Kara would constantly be told to expect her husband to be stupid and unloving. Christian women would tell her the ways their men were too helpless in things like cleaning, cooking, and raising children. She would be told to expect a day when it would simply be better to do all of those things herself. If she could even “convince” me to help out, I would not be able to do them as well as she could.
She would be told there would come a day after the "warm fuzzies" were gone that she could expect her husband to care more about sports than her marriage or raising children together. She would come back from women’s ministry events and tell me about the women sitting around the tables complaining about their husbands and even laugh about how little they were capable of around the house.
I understand what the “honeymoon phase” is. I understand the heightened emotions and "warm fuzzies" that are involved with an engagement and a new marriage. I understand that these warm, amazing feelings will not be present for my wife and me in every moment of our marriage and life together. I understand that we will fail one another at times. I understand that to expect a perfect marriage is unrealistic. I understand that many comments were made with the intention of helping us not to expect marriage to give us all of our fulfillment in life, and I am thankful for that.
But what I do not understand is the attitude most, even Christian couples, have toward marriage. I do not understand why the holy unity that is to represent the very relationship Jesus Christ has with His bride, the church, is home to some of the most negative and ugly comments I have ever heard in the church. I do not understand why godly people in my life would be negative about marriage instead of telling me how my marriage could be used for the Kingdom of God.
I do not understand.
"I do not understand why godly people in my life would be negative about marriage instead of telling me how my marriage could be used for the Kingdom of God. "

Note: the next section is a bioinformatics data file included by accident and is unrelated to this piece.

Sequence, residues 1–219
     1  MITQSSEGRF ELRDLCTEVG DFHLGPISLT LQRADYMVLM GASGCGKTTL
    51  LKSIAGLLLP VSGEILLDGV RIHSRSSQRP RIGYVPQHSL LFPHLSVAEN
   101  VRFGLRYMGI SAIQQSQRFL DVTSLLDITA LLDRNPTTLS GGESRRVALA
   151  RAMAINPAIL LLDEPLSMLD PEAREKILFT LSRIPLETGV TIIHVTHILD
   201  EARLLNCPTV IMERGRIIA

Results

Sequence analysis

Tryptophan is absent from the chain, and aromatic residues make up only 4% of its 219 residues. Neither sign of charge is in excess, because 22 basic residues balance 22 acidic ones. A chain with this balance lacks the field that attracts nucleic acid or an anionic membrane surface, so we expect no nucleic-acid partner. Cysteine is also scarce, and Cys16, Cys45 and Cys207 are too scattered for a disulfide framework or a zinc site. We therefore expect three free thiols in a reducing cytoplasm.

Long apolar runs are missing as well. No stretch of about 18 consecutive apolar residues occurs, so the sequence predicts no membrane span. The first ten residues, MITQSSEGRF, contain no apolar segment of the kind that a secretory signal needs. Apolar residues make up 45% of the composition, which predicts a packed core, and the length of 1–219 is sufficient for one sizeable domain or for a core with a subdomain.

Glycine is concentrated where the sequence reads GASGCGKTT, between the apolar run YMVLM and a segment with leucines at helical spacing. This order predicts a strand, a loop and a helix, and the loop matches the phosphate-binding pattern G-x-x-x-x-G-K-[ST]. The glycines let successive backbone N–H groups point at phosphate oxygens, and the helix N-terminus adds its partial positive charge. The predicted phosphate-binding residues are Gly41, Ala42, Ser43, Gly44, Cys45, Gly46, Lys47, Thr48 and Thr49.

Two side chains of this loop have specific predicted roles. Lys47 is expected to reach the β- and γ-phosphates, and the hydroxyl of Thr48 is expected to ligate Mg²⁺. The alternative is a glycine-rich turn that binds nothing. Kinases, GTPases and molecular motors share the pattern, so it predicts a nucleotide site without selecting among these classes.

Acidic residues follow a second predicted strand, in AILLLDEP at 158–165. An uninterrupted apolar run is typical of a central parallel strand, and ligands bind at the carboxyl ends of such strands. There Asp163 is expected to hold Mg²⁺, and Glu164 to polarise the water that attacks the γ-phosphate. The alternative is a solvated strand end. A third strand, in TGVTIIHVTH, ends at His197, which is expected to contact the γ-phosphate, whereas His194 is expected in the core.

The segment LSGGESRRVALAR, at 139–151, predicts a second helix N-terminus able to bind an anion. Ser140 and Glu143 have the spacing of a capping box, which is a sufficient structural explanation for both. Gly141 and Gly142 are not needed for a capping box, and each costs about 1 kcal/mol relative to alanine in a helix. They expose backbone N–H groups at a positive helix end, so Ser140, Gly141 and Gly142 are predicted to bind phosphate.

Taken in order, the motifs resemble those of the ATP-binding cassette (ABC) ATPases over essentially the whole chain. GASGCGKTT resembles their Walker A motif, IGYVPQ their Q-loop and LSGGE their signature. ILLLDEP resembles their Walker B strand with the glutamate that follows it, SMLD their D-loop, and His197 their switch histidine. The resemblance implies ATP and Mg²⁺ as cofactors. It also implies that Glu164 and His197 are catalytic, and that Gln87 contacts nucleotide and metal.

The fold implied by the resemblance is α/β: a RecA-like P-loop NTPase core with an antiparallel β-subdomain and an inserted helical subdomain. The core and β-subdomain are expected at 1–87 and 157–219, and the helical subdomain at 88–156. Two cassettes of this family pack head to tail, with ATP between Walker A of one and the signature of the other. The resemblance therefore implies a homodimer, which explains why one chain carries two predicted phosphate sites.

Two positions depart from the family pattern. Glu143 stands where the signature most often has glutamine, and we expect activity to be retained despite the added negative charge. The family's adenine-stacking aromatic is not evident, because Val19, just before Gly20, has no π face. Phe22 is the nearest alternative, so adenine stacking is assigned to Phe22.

What I know for certain is that God cares about marriage. We see Scripture affirming this fact. We see God design the foundation of it in the story of creation. We see laws in the Old Testament that were meant to protect marriage. We see the New Testament use marriage as an illustration of the relationship that Christ and the church have. We see that when Scripture teaches and gives commands about marriage, it does not call it a prison. We see that instead of a union built on negativity, our marriages can be a tool to share the gospel with people who do not yet understand how much Christ loves them.
As followers of Christ, we have one of the greatest tools for evangelism and encouragement: our marriages. In a culture that often sees marriage as something terrible, we are called to shine the light of Christ. We are called to love our spouses, to mutually put their needs before our own, to mutually drive each other deeper with Christ, to mutually love, respect, and serve each other as Christ and the church do. We are called to both happy wife and happy husband.
Fiancés and spouses: we have a choice. We can continue to let marriage in the church be no different from the world, or we can begin to set the example. When we meet the newly engaged and the newly married, we have a responsibility to help them use their marriage for Christ. Let us encourage these to have not perfect, but fulfilling, enriching, and light-shining marriages.